“Oklahoma state law actually already ensures that any law enforcement, whether they have 287g or not, if they encounter someone who is undocumented with a felony charge, they have to notify ICE anyway,” Bryant said.

House Bill 1804, passed in 2007, made it a felony to harbor, transport or keep an undocumented person in Oklahoma.

“So, 287g doesn’t do much more than what I see in my work, which is that I have less domestic violence reports,” Bryant said.

While right-wing supporters of the contract decried an immigrant invasion that would cripple America, the notion that undocumented immigrants commit more crimes is false, according to a recent report from the Pew Research Center. 

Analysis of the report found that while the country’s crime rate has declined nationally between 2007 and 2016, areas that received an influx of undocumented immigrants saw similar crime reductions and some areas even had larger drops in crime than the national average.

Ironically, right-wing supporters of the contract seemed to sound like the snowflakes they consider liberals to be as they expressed fears of immigrant child soldiers being trained in the forests to attack Tulsa County citizens.

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Dani Odister-Rosales is a Ph.D. student and former, undocumented immigrant who studies how ideological differences across cities affect the quality of life and self-identity for undocumented immigrants.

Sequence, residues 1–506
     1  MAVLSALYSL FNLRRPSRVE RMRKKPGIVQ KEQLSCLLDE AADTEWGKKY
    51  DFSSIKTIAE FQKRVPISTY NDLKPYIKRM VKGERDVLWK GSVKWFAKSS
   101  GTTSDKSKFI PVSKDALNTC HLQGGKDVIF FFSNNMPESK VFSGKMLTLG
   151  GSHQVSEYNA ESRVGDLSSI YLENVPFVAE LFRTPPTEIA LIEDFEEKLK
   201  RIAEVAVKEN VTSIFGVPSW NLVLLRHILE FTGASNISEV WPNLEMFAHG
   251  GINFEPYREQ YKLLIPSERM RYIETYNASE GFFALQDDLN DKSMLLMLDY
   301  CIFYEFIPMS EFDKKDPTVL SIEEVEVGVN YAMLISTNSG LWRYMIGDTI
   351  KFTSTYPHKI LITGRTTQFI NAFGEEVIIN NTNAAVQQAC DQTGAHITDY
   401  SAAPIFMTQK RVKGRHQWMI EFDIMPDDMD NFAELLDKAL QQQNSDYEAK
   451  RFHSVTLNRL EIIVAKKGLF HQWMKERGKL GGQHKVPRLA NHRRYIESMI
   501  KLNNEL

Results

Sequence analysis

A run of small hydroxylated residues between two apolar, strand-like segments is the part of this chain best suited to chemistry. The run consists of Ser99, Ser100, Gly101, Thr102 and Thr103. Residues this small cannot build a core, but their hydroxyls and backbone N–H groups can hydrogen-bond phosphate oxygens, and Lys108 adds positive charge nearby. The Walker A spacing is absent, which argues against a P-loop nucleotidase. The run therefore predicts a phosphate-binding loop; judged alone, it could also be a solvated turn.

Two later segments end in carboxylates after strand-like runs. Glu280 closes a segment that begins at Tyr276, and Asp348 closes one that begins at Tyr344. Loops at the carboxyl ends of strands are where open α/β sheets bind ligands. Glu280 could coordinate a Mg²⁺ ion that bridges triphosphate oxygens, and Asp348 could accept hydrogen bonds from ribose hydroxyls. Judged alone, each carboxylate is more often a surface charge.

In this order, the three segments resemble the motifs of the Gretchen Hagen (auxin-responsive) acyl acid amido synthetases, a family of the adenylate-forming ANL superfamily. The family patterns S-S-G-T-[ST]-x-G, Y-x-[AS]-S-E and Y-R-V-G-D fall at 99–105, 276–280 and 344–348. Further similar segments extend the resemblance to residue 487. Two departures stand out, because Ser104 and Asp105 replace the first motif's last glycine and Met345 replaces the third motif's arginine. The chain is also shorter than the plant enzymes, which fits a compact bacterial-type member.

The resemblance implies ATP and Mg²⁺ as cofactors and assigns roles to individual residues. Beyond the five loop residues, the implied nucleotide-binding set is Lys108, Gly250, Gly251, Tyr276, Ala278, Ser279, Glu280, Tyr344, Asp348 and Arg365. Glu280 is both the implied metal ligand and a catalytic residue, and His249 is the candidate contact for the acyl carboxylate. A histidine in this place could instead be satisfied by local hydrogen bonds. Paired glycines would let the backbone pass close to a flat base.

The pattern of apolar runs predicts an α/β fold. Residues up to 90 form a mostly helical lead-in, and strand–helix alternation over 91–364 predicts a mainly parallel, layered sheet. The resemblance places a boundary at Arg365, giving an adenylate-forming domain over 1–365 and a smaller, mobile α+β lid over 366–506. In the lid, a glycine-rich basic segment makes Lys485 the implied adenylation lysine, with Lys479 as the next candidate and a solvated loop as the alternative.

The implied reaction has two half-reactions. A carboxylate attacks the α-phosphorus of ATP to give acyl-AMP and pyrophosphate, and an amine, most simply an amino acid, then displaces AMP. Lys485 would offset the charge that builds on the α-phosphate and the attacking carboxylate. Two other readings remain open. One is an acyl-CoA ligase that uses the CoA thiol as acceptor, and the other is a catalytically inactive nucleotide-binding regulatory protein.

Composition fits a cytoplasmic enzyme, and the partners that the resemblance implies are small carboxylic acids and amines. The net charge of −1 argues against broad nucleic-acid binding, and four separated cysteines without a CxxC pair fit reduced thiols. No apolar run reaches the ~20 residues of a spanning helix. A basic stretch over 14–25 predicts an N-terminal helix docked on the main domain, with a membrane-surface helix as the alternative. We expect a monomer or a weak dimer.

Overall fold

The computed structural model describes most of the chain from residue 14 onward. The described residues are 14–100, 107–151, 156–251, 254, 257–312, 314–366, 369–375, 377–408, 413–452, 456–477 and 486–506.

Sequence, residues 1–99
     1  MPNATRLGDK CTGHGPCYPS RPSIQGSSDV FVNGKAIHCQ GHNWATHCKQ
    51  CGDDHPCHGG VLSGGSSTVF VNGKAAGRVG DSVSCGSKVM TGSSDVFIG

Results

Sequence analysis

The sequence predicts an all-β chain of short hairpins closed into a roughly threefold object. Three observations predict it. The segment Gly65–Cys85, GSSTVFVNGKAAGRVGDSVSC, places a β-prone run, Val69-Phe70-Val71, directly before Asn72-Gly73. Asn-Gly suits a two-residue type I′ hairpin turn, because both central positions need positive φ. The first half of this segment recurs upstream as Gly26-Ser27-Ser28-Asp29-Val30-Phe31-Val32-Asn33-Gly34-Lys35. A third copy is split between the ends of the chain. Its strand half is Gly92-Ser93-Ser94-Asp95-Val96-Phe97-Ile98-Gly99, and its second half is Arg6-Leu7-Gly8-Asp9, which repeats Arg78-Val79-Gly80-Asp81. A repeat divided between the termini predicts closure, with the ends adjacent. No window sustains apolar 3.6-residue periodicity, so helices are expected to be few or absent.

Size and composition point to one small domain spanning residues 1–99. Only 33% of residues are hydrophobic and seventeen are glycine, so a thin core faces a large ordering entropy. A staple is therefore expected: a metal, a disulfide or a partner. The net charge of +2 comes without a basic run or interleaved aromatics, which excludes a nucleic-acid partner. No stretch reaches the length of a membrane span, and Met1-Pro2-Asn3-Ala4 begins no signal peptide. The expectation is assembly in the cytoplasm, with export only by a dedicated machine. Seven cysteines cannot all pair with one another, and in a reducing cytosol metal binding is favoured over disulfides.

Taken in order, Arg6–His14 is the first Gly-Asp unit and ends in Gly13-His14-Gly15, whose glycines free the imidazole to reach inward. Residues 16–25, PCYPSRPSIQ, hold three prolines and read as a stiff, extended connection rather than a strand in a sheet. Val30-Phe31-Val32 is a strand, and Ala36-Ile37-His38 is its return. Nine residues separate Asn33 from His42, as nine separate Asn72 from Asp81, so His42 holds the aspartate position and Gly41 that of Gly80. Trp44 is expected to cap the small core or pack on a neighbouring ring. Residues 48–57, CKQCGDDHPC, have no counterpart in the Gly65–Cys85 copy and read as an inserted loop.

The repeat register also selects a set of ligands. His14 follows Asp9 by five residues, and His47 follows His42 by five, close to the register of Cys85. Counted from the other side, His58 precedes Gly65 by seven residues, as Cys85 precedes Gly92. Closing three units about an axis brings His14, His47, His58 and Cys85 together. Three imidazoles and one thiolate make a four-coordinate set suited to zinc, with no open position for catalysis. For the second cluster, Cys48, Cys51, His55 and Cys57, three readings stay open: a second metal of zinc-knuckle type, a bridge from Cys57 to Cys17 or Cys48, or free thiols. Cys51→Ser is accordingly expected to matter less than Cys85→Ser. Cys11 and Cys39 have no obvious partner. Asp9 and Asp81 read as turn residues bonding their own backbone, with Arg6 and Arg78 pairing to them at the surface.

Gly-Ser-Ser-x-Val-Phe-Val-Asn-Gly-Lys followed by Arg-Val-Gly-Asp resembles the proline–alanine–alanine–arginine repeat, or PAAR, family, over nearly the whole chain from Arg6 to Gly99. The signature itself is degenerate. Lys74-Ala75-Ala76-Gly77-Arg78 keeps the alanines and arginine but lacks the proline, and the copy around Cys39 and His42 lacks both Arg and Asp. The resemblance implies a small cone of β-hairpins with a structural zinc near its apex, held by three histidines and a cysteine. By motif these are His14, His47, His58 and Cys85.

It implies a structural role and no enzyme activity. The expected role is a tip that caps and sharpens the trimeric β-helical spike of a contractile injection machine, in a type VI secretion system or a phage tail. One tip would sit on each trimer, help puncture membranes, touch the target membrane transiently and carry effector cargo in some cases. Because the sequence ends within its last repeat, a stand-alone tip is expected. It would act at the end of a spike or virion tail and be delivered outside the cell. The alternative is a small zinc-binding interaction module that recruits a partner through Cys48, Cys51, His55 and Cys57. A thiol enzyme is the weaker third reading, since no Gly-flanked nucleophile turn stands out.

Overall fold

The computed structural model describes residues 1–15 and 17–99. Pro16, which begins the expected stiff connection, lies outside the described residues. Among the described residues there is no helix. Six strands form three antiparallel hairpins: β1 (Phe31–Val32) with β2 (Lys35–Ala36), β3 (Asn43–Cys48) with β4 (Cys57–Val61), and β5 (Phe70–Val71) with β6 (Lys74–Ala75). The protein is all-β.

She said she didn’t plan to speak until she heard from all the misinformation coming from folks in coordinated patriotic clothing.

“I just was looking at the sea of red, white and blue—which I knew wasn’t really standing for the values that we want red, white and blue to stand for,” Odister-Rosales said.

Bringing up slavery and Japanese internment camps during World War II, she explained how supporting a law simply because it’s a law can keep one on the wrong side of history. 

“It’s really frustrating to not hear people say that these laws have to be malleable,” Odister-Rosales added. “We can look at these laws critically and examine them.”

Rosa Hernandez and other advocates want people who support immigration reform on the local level to go beyond a Facebook post.

“People need to be calling their county commissioners, send letters and getting involved,” Hernandez said.  “Because as we saw today, there is a lot of fear out there. There is a lot of misinformation.”

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20180710_161309Deon Osborne was born in Minneapolis, MN and raised in Lawton, OK before moving to Norman where he attended the University of Oklahoma. He graduated with a bachelor’s degree in Strategic Media and has written for OU’s student newspaper the OU Daily as well as OKC-based Red Dirt Report. Deon received the Governor’s Commendation in 2017 for his videography highlighting a statewide distracted driving prevention program and runs a freelance video marketing service at indepthwithdeonfilms.com. He now lives in Tulsa, where he works as a policy intern at the Oklahoma Policy Institute.